One of the most famous words of Jesus, an expression that has become proverbal, is that “It is easier for a camel to pass through the eye of a needle than for a rich man to enter into the Kingdom of God” (Mark 10.25). Tour guides in the Near East will, when they bring tourists to a kervansaray, inevitably point at the small door-within-the-big-door, and tell the people that it is called “a needle’s eye”, that a camel might pass through it, and that Jesus’ words referred to this type of door.
That must be a very comfortable thought for wealthy Christian tourists. Just as a camel may, with some difficulty, enter the saray, they can enter the Kingdom of God. Unfortunately, the tour guide’s story is not true. Neither is the story true that there was a gate in ancient Jerusalem that was called “the Eye of the Needle”. There is simply no ancient Jewish or Christian text that refers to such a gate. And it is also unlikely, although not completely impossible, that there was a scribal error, and that the Gospel in fact refers to a cable (kamilos) instead of a camel (kamelos).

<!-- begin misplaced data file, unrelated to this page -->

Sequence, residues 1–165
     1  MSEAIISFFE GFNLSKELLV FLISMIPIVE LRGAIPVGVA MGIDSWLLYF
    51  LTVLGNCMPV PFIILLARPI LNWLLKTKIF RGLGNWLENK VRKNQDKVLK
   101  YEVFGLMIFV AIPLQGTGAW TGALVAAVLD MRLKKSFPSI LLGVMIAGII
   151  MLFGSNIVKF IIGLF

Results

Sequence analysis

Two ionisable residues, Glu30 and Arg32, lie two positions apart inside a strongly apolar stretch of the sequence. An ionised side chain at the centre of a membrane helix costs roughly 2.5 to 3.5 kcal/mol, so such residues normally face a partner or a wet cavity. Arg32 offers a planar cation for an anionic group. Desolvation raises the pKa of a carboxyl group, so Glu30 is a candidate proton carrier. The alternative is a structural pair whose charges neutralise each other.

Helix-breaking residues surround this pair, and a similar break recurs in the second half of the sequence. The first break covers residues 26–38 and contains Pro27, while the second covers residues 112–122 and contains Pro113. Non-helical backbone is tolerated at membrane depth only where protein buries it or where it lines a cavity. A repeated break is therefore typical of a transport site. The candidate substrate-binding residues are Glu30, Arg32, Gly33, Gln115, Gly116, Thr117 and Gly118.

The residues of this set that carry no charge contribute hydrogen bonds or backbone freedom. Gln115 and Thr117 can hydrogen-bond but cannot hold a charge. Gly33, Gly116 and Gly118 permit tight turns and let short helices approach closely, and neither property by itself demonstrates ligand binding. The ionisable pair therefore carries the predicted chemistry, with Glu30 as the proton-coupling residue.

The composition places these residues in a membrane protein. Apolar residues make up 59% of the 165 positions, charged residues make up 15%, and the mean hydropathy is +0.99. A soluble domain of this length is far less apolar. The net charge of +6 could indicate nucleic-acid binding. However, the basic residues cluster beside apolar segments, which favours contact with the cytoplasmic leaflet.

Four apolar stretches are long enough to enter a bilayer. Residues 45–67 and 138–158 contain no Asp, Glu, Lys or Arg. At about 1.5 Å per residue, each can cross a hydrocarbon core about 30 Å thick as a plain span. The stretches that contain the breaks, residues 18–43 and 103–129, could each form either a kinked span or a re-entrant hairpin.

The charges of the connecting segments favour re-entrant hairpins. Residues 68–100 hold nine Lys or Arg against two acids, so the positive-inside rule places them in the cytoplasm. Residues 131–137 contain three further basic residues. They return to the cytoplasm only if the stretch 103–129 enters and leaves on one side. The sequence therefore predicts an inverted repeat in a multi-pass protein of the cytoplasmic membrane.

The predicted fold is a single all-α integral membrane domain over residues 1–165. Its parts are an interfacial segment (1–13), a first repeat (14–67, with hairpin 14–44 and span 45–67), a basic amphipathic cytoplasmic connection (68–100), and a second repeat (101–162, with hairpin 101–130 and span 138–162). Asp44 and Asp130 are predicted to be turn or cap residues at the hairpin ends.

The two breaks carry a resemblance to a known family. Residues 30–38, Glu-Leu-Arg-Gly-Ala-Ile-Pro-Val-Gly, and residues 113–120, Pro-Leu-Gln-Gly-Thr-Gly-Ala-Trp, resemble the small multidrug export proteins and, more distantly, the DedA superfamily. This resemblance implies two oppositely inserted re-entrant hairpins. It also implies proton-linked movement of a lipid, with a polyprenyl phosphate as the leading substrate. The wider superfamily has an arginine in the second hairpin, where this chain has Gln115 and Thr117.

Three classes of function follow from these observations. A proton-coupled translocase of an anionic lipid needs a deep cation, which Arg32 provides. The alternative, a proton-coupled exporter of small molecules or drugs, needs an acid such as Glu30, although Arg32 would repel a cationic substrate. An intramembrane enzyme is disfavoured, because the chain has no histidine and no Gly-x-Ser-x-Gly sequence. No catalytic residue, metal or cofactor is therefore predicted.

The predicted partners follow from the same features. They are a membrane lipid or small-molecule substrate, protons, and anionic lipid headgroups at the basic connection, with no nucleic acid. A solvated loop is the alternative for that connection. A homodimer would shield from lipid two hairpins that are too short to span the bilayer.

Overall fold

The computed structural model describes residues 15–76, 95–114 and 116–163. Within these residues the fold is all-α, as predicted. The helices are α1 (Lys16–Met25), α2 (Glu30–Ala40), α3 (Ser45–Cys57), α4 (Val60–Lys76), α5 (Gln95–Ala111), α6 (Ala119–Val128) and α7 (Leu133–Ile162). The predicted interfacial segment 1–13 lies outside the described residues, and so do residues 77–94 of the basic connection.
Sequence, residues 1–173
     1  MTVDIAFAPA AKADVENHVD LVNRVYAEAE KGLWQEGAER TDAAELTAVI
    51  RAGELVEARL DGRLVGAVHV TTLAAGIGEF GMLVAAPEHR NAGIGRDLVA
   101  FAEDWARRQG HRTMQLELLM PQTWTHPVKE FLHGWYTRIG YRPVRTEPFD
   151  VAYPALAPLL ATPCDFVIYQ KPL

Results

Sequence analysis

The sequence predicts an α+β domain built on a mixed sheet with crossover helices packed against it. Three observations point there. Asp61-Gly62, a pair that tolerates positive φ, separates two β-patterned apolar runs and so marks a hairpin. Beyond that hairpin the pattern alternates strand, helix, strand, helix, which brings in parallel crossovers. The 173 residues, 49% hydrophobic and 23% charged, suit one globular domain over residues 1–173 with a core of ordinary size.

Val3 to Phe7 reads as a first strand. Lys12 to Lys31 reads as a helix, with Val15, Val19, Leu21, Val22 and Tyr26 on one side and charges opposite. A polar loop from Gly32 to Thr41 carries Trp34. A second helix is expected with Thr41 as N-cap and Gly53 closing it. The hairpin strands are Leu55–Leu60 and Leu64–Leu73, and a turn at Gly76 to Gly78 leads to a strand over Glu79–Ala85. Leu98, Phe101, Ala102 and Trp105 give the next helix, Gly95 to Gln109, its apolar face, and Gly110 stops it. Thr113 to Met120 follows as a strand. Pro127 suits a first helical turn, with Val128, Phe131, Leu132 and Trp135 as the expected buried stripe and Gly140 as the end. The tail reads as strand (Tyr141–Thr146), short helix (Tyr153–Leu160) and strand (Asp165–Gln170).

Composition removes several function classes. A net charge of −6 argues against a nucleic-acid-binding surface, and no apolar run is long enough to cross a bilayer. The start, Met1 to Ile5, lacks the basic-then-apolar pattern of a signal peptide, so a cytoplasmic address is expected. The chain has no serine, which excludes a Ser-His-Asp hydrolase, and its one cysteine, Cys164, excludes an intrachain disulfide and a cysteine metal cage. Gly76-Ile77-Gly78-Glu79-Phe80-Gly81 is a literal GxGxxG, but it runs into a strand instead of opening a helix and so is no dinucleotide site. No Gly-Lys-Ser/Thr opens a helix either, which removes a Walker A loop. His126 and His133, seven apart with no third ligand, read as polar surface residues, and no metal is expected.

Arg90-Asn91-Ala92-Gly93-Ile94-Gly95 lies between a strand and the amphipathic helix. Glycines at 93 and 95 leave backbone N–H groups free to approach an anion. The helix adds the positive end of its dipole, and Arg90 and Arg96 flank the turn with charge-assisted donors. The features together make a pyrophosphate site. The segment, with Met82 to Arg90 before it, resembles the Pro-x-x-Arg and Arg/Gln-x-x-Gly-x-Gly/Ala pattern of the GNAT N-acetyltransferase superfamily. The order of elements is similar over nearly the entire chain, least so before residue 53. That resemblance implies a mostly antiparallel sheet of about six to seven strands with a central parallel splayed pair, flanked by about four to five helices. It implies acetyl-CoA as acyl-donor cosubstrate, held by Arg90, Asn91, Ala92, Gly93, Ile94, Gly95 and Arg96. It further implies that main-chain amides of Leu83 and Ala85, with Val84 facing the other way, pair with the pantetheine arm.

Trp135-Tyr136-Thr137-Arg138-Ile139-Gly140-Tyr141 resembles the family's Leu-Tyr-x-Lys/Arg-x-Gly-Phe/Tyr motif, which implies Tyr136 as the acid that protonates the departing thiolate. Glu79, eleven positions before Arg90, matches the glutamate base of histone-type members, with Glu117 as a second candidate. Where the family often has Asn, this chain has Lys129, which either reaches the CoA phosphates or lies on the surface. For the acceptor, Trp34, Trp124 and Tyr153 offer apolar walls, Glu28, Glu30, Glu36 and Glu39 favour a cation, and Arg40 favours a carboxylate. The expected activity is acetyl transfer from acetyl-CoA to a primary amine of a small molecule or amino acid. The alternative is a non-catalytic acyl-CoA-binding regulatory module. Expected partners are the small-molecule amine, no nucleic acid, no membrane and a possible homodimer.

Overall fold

Jesus’ words have a parallel in the Babylonian Talmud (Berakoth 55b; Baba Mezi’a 38b): here, the difficulty of something is likened to an elephant being drawn through the eye of a needle. Jesus is quoting a Jewish proverb, meaning that something can never be done. This impossibility is also the subject of other stories: think only of the remark that “No one can serve God and Mammon” (Matthew 6.24). Or take the parabel about Lazarus and the rich man – even though it is not said that the rich man has committed evil, he is punished in Hell (Luke 16.19ff). The fact that he was rich and could feast sumptously, is presented as sufficient explanation.
In Jesus’ view, the rich had already received their share of happiness. He was not predicting that in the not too distant future, the poor would be happier, he was announcing that the rich would be punished: “Woe to you that are rich … woe to you that are filled … woe to you that now laugh” (Luke 6.24). No one has every said that Jesus’ message was easy – on the contrary.